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Do DSGE Models Have a Future?

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  • Olivier Blanchard

    () (Peterson Institute for International Economics)

Abstract

Dynamic stochastic general equilibrium (DSGE) models have come to play a dominant role in macroeconomic research. Some see them as the sign that macroeconomics has become a mature science, organized around a microfounded common core. Others see them as a dangerous dead end. This Policy Brief argues that the current DSGE models are seriously flawed, but they are eminently improvable and central to the future of macroeconomics. To improve, however, they have to become less insular, by drawing on a much broader body of economic research. They also have to become less imperialistic and accept to share the scene with other types of general equilibrium models.

Suggested Citation

  • Olivier Blanchard, 2016. "Do DSGE Models Have a Future?," Policy Briefs PB16-11, Peterson Institute for International Economics.
  • Handle: RePEc:iie:pbrief:pb16-11
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    File URL: https://piie.com/publications/policy-briefs/do-dsge-models-have-future
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    Cited by:

    1. Binder, Michael & Lieberknecht, Philipp & Quintana, Jorge & Wieland, Volker, 2017. "Model Uncertainty in Macroeconomics: On the Implications of Financial Frictions," CEPR Discussion Papers 12013, C.E.P.R. Discussion Papers.
    2. Chatelain, Jean-Bernard & Ralf, Kirsten, 2017. "Publish and Perish: Creative Destruction and Macroeconomic Theory," EconStor Preprints 149994, ZBW - German National Library of Economics.
    3. Schasfoort, Joeri & Godin, Antoine & Bezemer, Dirk & Caiani, Alessandro & Kinsella, Stephen, 2017. "Monetary Policy Transmission in a Macroeconomic Agent-Based Model," Research Report 17010-GEM, University of Groningen, Research Institute SOM (Systems, Organisations and Management).
    4. Christian Schoder, 2017. "An estimated Dynamic Stochastic Disequilibrium model of Euro-Area unemployment," Working Papers 1725, New School for Social Research, Department of Economics.
    5. Christian Schoder, 2017. "A Keynesian Dynamic Stochastic Disequilibrium model for business cycle analysis," Working Papers 1701, New School for Social Research, Department of Economics.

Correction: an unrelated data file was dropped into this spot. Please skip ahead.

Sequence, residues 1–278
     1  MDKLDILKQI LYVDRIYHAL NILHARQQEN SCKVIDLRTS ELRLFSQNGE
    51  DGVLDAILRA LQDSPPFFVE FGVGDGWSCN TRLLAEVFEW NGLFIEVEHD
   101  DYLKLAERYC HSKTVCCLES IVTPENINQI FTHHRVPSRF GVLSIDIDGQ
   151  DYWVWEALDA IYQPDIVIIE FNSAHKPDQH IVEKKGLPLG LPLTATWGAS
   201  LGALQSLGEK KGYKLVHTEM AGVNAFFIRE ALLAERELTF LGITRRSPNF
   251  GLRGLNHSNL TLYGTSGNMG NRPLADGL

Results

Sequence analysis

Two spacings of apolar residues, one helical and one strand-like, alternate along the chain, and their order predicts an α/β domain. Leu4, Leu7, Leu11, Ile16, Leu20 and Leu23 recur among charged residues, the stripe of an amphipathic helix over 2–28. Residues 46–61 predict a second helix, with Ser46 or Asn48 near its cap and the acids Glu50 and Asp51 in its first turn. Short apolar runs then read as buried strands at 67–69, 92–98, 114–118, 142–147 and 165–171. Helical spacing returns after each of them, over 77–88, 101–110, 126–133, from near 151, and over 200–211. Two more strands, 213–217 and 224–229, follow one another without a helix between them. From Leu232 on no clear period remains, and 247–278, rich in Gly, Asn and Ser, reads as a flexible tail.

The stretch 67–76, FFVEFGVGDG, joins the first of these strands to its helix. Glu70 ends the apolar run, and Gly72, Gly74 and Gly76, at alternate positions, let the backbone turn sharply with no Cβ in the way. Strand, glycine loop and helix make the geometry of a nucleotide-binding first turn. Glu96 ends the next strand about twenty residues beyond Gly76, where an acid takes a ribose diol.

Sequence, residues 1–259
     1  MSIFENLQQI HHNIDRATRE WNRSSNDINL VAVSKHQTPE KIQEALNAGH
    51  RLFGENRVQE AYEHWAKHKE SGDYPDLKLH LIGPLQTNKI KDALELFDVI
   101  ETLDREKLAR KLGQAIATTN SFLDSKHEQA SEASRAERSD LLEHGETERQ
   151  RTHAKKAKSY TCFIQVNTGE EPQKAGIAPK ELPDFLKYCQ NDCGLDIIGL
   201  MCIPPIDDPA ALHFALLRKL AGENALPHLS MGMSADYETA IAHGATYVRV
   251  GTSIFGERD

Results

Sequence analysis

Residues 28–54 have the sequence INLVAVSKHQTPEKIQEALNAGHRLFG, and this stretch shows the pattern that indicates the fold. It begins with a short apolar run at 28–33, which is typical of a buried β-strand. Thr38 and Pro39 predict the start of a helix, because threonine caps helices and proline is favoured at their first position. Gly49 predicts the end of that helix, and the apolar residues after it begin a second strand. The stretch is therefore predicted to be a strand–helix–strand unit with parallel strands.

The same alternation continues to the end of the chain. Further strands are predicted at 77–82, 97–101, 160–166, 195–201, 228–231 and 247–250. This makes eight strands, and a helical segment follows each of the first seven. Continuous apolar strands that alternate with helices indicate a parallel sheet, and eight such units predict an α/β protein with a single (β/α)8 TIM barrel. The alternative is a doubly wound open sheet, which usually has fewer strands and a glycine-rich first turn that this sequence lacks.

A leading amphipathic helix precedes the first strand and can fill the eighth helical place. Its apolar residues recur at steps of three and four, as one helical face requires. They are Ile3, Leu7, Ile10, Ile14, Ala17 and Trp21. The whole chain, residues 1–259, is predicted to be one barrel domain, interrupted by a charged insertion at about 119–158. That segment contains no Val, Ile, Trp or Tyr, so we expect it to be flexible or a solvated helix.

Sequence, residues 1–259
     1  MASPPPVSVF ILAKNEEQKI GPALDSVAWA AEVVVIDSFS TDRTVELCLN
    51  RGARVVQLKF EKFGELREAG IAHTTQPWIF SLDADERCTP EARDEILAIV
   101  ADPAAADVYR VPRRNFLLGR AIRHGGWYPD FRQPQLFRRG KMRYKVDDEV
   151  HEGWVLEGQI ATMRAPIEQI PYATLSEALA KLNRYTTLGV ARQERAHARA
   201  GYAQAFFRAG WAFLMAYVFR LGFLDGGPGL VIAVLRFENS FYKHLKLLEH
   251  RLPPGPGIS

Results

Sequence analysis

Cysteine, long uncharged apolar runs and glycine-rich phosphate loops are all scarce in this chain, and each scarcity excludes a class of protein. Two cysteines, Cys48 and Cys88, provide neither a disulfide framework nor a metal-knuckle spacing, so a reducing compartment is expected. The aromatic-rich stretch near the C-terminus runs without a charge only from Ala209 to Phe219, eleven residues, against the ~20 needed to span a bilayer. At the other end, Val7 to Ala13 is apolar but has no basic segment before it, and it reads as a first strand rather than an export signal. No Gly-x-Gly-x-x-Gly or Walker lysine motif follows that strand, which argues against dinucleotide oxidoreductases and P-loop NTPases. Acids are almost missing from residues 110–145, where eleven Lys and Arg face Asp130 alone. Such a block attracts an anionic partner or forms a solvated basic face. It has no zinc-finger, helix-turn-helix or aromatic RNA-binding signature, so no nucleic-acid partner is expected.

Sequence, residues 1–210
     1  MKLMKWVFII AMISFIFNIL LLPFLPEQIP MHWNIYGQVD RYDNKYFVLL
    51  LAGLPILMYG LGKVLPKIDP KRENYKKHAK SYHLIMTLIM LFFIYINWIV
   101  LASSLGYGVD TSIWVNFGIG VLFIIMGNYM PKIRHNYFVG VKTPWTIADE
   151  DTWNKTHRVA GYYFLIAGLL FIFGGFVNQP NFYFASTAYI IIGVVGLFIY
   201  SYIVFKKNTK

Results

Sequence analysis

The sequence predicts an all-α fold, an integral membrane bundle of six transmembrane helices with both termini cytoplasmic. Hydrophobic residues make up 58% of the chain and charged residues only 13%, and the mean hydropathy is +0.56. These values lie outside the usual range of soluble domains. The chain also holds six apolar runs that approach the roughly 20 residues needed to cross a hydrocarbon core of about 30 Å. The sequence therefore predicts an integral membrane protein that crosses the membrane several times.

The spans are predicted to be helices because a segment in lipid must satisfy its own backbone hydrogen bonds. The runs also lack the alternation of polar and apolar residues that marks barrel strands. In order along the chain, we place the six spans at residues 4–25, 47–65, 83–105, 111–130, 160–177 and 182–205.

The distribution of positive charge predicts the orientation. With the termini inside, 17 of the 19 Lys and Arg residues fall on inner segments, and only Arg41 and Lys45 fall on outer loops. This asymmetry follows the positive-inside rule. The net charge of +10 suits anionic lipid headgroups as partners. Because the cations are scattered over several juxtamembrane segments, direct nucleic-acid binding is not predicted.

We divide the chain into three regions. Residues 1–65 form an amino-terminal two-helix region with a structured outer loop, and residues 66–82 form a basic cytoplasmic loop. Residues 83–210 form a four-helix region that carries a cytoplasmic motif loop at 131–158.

6. Muellbauer, John, 2016. "Macroeconomics and Consumption," CEPR Discussion Papers 11588, C.E.P.R. Discussion Papers.
    7. Javier G. Gómez-Pineda, 2017. "Volatility Spillovers and Systemic Risk Across Economies: Evidence from a Global Semi-Structural Model," Borradores de Economia 1011, Banco de la Republica de Colombia.
    8. Georgiadis, Georgios & Jančoková, Martina, 2017. "Financial globalisation, monetary policy spillovers and macro-modelling: tales from 1001 shocks," Working Paper Series 2082, European Central Bank.
    9. Ricardo Reis, 2017. "Is Something Really Wrong with Macroeconomics?," CESifo Working Paper Series 6446, CESifo Group Munich.
    10. Fritz Breuss, 2016. "Would DSGE Models have Predicted the Great Recession in Austria?," WIFO Working Papers 530, WIFO.
    11. Chen, Hongyi & Funke, Michael & Lozev, Ivan & Tsang, Andrew, 2017. "To guide or not to guide? Quantitative monetary policy tools and macroeconomic dynamics in China," BOFIT Discussion Papers 3/2017, Bank of Finland, Institute for Economies in Transition.
    12. Christopher D. Carroll & Edmund Crawley, 2017. "Comment on "When Inequality Matters for Macro and Macro Matters for Inequality"," NBER Chapters,in: NBER Macroeconomics Annual 2017, volume 32 National Bureau of Economic Research, Inc.
    13. repec:oup:oxford:v:34:y:2018:i:1-2:p:269-286. is not listed on IDEAS
    14. Dimitri Kroujiline & Maxim Gusev & Dmitry Ushanov & Sergey V. Sharov & Boris Govorkov, 2018. "An Endogenous Mechanism of Business Cycles," Papers 1803.05002, arXiv.org, revised Apr 2018.
    15. repec:zbw:ifweej:201815 is not listed on IDEAS

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